In early May, sometime around Mother’s Day, while the rest of New York City flocked to farmers’ markets for the season’s first peonies, real estate nerds and professionals were glued to their computer screens hung up on a certain Corcoran listing which mysteriously changed from “On the Market” to the nebulous “No Longer Available” on the Web site Streeteasy, while brokers’ internal real estate datebases marked it only as “temporarily off the market.”
The apartment in question belonged to Glenn Close and husband David Shaw: a 19th-floor corner property at The Beresford, originally listed in January for $11.8 million before being reduced by $1 million in late March (the couple bought the apartment in 2005 for $6.025 million). Rumors ran rampant, and while theories ranged from well-informed brokers convinced the apartment had entered contract to a Daily Intel post suggesting Ms. Close may be having second thoughts and staying at the storied Emery Roth-designed gem, no one could say for sure. Tight-lipped listing agents Robby Browne and Maria Pashby remained mum on the affair.
Lo and behold, city records now reveal that the two-terraced apartment was indeed in contract and has since sold to Continental Properties managing partner Mark Fisch and wife, Rachel Davidson, for $10.2 million.
Flush with French doors leading to two generous “entertaining” terraces, the two-bedroom apartment in the building’s superior park-front D-line provides views east over Central Park and south over the Planetarium and beyond, down the length of the park to Manhattan’s southern skyline. “19-D is one of New York’s and certainly Central Park West’s most glamorous apartments,” touts the proud listing.
Mr. Browne politely declined to comment for this article while Ms. Pashby, currently traveling in Portugal, could not be reached for comment. The petit apartment, by Beresford standards (only 2,300 square feet), was originally the parlor floor of an opulent duplex at the famous building—which counts Jerry Seinfeld, Richard Holbrooke, Diana Ross and John McEnroe among residents—and boasts a 19 by 25 foot corner living with a wood burning fireplace as well as two studies. Even the “happy, large” kitchen/dining room has park views!
Ms. Close currently stars in Fx’s Damages, described by The New York Times as, “Law & Order as rendered by Marcel Duchamp” due to its artful manipulation of the Bernie Madoff scandal which inspired it. The series, which co-stars Ted Danson as the nefarious Madoff character, is filmed in Manhattan, dispelling any theories that Ms. Close is picking up her Marchioness de Merteuil petticoats for another filming location. It is unclear where Ms. Close and Mr. Shaw, a managing partner at the private equity firm Black Point Group, will decamp to, but one criterion should be a display case, or, at the least, some prominent shelving: in her move from The Beresford Ms. Close will be wrapping three Tonys, one Obie, three Emmys and two Golden Globe awards in bubble wrap before moving (she has been nominated for an Oscar five times, though has never taken the Ken-like statue home).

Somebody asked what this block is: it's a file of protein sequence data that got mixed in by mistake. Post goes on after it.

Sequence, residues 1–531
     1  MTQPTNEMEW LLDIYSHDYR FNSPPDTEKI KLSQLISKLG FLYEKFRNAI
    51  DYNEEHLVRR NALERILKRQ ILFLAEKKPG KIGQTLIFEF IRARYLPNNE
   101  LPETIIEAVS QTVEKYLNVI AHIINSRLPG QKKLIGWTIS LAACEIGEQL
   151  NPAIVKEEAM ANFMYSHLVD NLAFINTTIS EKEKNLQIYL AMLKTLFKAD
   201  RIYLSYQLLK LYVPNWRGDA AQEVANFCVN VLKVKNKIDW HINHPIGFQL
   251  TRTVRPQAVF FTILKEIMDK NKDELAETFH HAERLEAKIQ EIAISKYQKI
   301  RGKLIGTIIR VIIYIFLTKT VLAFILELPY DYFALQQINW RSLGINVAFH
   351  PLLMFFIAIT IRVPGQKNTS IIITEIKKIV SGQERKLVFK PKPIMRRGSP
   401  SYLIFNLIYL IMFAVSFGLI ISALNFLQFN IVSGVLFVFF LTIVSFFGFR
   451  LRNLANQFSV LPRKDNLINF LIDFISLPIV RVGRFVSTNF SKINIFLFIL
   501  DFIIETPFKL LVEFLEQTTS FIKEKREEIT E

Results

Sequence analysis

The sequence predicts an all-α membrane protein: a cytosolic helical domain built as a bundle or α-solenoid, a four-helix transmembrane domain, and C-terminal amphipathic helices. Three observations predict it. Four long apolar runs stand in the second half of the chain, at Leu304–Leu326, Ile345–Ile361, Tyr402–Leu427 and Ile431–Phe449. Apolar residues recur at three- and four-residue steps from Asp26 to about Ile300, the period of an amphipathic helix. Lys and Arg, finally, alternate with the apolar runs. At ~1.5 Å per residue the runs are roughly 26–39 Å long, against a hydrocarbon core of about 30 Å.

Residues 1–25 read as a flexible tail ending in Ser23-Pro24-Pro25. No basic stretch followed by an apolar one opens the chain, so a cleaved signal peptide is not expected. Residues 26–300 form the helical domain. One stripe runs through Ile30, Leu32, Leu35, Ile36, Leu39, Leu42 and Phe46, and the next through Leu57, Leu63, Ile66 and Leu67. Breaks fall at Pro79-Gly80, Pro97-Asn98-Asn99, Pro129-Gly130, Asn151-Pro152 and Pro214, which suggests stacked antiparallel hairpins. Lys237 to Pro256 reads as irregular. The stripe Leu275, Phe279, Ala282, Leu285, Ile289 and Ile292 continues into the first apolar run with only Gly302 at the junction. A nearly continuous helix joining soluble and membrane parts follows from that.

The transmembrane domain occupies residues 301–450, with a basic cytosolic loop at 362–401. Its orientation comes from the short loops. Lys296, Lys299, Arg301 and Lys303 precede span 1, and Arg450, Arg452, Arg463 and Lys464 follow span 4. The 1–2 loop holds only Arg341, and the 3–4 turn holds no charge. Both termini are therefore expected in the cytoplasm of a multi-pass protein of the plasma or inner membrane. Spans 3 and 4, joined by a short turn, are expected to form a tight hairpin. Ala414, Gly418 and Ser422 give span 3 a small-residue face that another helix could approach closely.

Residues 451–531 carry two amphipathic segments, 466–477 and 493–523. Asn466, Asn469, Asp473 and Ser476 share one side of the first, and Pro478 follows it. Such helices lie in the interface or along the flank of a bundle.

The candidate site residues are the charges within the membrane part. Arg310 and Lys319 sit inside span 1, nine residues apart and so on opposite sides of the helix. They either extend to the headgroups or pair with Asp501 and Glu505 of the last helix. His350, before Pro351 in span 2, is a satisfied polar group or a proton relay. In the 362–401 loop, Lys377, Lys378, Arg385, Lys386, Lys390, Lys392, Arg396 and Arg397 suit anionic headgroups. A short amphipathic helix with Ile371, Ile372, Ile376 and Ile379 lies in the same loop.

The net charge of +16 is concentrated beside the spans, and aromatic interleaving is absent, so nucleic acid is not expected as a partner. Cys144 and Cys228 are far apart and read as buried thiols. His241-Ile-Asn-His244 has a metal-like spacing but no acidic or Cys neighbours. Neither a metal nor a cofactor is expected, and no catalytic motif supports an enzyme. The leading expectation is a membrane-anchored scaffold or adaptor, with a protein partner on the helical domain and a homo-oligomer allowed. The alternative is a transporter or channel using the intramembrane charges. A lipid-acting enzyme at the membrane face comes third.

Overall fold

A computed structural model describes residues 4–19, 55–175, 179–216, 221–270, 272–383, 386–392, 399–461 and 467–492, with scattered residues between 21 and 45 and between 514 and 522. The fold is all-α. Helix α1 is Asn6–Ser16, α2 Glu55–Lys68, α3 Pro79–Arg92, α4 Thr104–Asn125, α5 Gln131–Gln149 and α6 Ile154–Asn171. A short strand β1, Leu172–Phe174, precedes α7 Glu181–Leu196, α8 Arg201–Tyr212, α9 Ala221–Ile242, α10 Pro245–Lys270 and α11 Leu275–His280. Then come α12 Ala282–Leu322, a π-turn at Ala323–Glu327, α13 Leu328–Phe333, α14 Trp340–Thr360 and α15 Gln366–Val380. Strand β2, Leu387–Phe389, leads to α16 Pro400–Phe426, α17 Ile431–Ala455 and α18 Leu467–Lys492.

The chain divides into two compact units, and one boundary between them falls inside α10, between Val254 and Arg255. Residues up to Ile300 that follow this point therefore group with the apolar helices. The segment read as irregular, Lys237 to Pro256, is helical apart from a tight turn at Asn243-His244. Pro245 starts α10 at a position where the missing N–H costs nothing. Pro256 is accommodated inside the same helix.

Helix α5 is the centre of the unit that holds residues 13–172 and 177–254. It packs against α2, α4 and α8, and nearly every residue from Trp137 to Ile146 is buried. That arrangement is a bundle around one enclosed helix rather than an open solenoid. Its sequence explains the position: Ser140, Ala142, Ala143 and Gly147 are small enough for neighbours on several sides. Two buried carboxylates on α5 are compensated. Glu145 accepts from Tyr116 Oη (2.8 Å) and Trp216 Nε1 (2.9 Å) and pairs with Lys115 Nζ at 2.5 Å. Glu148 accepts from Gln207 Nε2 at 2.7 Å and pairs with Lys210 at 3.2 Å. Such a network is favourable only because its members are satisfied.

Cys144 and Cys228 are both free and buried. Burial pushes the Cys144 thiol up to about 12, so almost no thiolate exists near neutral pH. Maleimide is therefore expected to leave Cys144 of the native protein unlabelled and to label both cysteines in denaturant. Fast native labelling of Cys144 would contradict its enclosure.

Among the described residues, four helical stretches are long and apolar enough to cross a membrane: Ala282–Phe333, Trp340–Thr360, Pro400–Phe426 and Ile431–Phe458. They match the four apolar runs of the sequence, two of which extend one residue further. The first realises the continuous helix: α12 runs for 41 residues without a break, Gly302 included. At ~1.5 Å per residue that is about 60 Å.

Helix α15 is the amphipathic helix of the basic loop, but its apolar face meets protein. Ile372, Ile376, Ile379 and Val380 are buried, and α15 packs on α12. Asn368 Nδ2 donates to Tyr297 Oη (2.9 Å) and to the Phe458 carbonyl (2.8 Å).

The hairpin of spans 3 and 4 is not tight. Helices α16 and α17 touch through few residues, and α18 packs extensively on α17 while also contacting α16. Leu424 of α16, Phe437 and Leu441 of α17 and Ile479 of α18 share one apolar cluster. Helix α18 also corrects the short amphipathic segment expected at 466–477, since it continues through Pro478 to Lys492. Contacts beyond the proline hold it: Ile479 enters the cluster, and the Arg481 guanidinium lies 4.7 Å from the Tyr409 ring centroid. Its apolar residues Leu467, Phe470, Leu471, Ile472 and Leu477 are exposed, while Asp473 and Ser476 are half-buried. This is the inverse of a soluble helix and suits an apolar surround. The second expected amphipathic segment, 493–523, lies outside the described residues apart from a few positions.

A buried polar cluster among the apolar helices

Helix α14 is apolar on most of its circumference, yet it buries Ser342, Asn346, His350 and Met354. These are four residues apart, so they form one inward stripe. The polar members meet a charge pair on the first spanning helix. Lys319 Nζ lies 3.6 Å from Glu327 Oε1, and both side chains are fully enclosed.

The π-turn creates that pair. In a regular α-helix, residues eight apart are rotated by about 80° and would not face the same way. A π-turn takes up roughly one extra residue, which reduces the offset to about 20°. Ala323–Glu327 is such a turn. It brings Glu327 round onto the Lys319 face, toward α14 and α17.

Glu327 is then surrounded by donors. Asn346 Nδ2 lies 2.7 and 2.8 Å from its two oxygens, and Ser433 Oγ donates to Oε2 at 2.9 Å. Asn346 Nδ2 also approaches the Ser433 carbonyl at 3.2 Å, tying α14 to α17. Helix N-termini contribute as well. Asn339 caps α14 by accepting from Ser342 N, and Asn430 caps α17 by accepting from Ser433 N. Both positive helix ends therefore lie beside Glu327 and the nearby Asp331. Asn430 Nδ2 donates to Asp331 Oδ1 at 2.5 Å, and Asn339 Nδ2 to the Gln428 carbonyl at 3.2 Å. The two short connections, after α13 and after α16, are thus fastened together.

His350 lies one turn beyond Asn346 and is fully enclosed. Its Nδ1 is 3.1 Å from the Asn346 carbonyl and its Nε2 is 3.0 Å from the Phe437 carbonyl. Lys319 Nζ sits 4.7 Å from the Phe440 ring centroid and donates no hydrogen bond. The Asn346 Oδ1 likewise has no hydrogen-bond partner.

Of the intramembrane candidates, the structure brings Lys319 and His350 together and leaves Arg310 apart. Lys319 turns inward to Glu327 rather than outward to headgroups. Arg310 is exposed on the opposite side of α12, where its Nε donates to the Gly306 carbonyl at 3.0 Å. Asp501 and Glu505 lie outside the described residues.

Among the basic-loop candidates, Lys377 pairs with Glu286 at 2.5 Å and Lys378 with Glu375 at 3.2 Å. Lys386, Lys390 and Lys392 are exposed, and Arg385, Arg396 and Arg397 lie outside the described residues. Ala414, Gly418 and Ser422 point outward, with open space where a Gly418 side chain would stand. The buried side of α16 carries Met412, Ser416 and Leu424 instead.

Late last fall, the Post reported that Mr. Fisch was in contract to buy an $11.5 million four-bedroom, four-bathroom abode at The Dakota. The apartment, which flaunted a 29-foot living room with floor-to-ceiling windows and was perused by home-hunting Alec Baldwin, was originally listed for $24 million, making it one of the historic building’s most dramatic price cuts. However, rumor has it that the bugle-blazing article proved a dangerous liaison for the Fisches, thwarting their board application and forcing the deal to fall through.
But it seems Mr. Fisch, who is a member of the Council on Foreign Relations and a trustee at the Metropolitan Museum, has settled for the better Beresford sacrificing two bedrooms for two terraces and park views (The Dakota apartment was a four-bedroom that looked onto the courtyard; The Beresford has only two bedrooms but has two studies and, of course, the views).
The Beresford listing poetically concludes, “it’s rare when something like this comes on the market, as the combination of space and volume, indoor and outdoor private areas, sunrise and sunset, make this an especially remarkable home.” From the looks of it, sunset on the 19th-floor of the Beresford is to die for, which might explain Mr. and Ms. Fisch’s fatal attraction to the high-floor apartment.